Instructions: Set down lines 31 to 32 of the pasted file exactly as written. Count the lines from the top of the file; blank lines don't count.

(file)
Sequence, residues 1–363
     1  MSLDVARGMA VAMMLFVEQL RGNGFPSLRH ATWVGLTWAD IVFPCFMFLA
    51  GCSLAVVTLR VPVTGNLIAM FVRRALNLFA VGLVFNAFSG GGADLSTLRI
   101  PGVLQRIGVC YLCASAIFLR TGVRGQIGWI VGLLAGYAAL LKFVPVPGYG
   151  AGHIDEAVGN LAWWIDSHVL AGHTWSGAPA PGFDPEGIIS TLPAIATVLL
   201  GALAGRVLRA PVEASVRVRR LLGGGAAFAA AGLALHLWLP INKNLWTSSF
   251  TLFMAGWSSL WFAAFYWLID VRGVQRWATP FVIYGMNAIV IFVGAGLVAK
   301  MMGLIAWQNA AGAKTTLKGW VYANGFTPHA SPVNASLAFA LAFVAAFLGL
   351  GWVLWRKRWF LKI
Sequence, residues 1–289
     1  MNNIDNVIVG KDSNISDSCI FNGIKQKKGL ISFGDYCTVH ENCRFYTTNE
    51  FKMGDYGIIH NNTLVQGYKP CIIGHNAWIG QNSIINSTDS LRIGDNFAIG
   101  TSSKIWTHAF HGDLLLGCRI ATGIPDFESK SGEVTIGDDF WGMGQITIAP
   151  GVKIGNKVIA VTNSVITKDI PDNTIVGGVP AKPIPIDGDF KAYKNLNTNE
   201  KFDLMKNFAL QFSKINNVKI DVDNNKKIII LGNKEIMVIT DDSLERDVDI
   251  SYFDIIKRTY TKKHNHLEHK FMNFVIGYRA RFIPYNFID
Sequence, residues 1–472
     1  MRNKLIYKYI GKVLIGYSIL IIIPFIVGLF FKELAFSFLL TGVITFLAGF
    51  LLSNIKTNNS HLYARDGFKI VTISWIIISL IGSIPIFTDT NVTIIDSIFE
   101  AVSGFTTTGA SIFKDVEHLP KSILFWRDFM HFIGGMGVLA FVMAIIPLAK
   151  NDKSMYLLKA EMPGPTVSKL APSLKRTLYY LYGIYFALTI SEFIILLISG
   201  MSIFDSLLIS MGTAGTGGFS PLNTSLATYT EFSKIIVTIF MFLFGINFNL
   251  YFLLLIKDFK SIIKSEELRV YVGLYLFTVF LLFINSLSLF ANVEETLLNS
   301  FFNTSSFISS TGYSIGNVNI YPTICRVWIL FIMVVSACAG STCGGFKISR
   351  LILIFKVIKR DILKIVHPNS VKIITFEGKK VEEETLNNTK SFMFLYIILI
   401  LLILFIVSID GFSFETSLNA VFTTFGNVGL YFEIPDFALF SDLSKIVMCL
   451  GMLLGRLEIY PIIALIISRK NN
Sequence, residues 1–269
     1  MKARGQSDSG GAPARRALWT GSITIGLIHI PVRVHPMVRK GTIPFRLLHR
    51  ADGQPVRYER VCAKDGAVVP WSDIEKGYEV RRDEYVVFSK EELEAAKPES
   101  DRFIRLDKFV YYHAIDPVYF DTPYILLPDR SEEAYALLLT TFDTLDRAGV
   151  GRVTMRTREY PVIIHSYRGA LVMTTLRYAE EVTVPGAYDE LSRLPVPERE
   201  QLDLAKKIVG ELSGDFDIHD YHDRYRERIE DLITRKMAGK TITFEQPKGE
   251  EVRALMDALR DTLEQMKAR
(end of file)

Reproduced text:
   101  DRFIRLDKFV YYHAIDPVYF DTPYILLPDR SEEAYALLLT TFDTLDRAGV
   151  GRVTMRTREY PVIIHSYRGA LVMTTLRYAE EVTVPGAYDE LSRLPVPERE